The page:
How Achilles overtakes the Tortoise in linked list

Achilles and the Tortoise is one of the Greek philosopher’s Zeno’s paradoxes.

In a race, the quickest runner can never overtake the slowest, since the pursuer must first reach the point whence the pursued started, so that the slower must always hold a lead. – as recounted by AristotlePhysics VI:9, 239b15

Which basically means that while the fast runner covers the distance that was between them at certain moment, the slowest goes a little farther, so the fast one has to overtake him again, and while he covers that (smaller) distance the slow one again goes on, and so the gap between them is always shortened but never disappears completely.

Recently I stumbled upon an interview question about singly linked list that made me recall this paradox.

How can you find the middle element of the list in ONE pass?

That is, not follow the list to the end to find out its size and then repeat from the beginning until you make half of the count. No, the question was to do it in just one go.

The solution to this task is to have two pointers, moving at the same time. The first would take one step, while the second would at the same time take two. When the second pointer reaches the end of the list, the first should be right in the middle. Such is the theory, and I think it is rather clever.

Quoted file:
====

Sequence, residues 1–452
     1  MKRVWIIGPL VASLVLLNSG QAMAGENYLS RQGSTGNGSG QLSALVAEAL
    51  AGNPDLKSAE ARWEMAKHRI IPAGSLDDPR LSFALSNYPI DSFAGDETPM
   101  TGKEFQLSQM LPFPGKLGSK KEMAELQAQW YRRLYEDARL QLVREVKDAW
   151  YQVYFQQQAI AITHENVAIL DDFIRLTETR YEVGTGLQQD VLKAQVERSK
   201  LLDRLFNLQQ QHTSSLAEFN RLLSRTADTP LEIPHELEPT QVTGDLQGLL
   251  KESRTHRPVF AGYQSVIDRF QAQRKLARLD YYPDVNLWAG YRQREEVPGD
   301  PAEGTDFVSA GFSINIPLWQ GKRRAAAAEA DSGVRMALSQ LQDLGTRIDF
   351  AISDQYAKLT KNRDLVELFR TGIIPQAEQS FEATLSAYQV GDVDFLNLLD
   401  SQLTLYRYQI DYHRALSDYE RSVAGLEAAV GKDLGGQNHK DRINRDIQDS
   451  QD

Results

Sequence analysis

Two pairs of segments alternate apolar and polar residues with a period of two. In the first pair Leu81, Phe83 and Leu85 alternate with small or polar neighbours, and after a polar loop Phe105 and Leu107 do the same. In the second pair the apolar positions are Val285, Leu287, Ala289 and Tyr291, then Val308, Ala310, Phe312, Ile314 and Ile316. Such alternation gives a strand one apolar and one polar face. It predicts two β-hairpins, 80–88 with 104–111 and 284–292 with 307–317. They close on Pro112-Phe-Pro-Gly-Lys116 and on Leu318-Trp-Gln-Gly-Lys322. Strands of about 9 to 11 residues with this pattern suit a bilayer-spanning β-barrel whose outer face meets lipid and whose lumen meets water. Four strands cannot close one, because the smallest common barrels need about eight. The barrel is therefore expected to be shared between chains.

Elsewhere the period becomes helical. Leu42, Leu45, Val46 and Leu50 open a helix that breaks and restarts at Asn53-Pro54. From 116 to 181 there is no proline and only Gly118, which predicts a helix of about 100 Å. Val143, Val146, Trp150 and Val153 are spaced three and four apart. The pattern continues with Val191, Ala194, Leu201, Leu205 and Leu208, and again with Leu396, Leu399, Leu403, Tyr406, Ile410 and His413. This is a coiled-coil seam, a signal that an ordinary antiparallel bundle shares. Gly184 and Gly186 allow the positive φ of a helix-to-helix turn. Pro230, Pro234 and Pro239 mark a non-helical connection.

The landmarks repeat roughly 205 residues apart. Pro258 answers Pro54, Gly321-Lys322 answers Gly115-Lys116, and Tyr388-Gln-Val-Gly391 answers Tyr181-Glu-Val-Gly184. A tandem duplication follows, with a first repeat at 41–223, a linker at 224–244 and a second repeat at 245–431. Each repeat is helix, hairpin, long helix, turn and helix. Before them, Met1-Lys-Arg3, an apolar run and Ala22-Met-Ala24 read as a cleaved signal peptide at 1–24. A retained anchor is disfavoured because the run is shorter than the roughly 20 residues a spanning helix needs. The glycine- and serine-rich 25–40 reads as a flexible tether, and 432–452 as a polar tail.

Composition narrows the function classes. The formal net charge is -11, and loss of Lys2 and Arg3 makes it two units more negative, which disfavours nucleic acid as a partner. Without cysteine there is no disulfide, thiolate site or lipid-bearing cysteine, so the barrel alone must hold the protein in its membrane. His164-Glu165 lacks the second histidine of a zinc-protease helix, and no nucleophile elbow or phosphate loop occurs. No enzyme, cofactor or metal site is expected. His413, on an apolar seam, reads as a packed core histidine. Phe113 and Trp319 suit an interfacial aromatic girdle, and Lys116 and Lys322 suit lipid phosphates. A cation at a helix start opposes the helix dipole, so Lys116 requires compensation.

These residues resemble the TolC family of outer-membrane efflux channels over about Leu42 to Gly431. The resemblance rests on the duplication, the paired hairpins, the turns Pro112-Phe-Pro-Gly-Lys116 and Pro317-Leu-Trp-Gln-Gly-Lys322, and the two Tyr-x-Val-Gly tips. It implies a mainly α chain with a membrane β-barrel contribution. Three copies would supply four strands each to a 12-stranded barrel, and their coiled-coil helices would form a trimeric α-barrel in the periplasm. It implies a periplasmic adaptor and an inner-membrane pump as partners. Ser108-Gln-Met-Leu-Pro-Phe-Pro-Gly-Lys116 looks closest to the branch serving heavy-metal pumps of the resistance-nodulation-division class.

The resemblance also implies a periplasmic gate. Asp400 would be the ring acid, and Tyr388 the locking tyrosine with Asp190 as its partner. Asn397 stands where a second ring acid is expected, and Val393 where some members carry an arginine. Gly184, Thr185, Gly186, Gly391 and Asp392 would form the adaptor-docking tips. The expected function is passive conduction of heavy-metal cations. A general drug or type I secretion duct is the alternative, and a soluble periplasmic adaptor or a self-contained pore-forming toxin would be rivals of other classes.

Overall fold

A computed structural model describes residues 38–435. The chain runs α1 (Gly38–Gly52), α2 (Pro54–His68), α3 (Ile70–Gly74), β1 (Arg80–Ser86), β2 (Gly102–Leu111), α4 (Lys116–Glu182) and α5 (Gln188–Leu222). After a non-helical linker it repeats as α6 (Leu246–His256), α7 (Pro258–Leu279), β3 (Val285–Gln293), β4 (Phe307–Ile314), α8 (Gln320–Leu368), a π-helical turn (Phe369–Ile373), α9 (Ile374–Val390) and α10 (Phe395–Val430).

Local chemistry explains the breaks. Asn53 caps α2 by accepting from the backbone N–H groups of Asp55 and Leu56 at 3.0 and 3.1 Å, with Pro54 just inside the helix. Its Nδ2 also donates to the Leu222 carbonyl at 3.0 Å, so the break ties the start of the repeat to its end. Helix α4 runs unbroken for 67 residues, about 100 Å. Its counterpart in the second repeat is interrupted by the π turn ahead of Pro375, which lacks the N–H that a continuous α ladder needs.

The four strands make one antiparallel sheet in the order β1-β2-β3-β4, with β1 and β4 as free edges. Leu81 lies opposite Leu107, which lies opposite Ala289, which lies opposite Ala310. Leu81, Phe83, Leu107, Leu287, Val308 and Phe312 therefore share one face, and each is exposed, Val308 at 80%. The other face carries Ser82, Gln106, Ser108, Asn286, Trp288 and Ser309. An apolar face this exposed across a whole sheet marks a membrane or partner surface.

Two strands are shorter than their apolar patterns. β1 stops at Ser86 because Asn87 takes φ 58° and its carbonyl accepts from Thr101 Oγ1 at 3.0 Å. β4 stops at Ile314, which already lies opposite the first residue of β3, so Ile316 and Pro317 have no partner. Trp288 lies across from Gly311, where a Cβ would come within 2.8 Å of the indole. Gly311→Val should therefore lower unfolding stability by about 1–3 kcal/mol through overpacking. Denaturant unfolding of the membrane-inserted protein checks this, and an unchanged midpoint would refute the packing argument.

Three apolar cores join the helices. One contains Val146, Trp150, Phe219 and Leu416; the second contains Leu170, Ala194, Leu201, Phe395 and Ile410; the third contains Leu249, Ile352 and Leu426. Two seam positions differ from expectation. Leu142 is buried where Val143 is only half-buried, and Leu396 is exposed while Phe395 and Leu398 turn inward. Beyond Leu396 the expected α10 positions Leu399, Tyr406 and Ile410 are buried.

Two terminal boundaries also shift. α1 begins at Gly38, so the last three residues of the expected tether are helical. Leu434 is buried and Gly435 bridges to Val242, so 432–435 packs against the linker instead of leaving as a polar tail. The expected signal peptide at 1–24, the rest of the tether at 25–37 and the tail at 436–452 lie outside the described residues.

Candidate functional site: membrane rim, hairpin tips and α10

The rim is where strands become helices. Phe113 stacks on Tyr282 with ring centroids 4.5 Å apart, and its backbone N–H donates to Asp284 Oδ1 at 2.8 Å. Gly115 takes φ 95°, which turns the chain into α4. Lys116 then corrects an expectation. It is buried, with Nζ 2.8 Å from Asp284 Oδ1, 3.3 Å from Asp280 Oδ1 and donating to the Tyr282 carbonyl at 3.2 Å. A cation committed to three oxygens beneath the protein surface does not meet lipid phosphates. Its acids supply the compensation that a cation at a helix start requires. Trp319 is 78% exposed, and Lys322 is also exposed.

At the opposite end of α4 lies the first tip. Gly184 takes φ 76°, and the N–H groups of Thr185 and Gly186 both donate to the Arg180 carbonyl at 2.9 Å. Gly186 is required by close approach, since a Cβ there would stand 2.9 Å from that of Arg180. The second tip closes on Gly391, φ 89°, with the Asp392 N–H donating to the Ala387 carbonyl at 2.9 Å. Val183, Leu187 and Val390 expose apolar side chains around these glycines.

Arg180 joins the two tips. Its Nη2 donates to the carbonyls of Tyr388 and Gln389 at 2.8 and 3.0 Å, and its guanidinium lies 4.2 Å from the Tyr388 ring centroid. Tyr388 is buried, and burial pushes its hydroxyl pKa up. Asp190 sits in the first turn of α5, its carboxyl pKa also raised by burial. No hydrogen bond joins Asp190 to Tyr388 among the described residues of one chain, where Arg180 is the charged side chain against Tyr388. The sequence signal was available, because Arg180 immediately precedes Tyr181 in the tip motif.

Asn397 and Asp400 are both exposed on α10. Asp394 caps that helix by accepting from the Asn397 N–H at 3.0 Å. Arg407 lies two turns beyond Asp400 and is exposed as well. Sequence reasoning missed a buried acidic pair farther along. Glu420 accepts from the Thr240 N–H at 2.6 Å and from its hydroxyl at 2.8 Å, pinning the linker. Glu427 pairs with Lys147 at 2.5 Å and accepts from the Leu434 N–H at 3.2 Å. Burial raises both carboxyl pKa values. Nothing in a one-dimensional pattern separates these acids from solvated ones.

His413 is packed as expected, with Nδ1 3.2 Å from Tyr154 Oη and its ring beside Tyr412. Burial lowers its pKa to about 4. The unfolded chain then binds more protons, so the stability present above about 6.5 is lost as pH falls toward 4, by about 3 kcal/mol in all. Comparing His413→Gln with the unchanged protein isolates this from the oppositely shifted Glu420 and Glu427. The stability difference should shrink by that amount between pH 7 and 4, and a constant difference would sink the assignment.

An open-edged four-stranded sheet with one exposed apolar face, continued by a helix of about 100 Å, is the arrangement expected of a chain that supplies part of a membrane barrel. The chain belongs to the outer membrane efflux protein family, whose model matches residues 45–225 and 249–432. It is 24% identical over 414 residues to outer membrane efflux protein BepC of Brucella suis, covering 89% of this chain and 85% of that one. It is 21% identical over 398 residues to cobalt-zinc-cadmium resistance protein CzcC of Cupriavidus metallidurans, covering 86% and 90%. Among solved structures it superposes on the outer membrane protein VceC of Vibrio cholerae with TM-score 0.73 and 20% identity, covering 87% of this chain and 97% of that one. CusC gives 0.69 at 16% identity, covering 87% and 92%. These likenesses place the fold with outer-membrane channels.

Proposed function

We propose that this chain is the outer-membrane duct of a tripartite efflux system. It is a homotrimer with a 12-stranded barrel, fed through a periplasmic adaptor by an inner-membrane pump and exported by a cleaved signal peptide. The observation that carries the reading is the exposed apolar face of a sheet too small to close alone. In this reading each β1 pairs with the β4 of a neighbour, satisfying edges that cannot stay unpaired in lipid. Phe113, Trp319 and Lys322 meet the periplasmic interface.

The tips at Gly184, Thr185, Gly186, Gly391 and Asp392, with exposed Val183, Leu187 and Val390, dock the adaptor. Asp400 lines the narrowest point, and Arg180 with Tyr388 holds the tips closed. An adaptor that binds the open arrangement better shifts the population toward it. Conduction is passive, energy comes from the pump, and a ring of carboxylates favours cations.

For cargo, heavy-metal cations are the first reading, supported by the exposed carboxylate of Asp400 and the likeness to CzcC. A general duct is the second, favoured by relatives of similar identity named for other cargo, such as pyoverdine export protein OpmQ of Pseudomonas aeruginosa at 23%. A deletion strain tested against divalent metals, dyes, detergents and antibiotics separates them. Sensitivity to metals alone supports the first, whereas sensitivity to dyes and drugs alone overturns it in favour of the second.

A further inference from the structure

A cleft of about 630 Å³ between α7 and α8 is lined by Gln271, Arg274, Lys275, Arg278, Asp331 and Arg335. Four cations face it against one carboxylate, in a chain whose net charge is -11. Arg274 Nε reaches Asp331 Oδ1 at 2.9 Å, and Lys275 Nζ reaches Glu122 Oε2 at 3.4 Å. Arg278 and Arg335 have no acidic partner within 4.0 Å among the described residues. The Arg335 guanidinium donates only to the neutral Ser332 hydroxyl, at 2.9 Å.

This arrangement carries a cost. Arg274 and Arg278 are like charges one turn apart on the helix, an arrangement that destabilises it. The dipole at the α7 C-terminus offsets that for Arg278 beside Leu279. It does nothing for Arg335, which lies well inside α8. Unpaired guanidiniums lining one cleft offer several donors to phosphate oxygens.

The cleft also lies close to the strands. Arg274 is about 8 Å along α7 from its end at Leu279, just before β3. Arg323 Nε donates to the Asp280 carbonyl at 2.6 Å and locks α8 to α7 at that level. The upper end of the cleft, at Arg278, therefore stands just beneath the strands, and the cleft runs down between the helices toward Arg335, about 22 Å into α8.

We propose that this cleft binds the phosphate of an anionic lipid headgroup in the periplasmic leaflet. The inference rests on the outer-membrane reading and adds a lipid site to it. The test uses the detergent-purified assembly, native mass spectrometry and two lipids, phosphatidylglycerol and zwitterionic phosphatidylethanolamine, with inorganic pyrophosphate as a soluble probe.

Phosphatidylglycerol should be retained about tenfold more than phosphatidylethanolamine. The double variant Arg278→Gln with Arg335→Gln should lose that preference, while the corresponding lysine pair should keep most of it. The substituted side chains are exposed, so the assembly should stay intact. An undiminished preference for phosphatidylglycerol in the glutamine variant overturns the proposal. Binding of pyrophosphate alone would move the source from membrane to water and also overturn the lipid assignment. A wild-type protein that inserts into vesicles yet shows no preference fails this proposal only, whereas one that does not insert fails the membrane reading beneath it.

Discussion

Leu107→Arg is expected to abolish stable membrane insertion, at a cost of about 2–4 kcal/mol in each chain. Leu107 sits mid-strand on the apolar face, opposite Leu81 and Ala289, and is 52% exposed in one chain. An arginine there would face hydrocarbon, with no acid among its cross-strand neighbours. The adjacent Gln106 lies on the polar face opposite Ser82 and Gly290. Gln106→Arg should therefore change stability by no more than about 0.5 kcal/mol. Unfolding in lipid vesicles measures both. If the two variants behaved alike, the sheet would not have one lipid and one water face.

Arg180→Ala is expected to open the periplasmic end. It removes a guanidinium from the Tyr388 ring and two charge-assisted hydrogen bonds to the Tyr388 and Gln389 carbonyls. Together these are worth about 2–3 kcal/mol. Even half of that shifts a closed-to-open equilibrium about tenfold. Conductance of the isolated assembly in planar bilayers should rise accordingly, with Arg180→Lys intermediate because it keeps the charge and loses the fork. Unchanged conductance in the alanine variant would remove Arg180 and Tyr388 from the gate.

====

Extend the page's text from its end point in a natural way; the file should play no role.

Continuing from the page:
But what is the middle element of a list which has an even count? Is it null, or the last element in the first half, or the first element of the second?

I wish Zeno would answer that.


About Maryna Cherniavska

I have productively spent 10+ years in IT industry, designing, developing, building and deploying desktop and web applications, designing database structures and otherwise proving that females have a place among software developers. And this is a good place.
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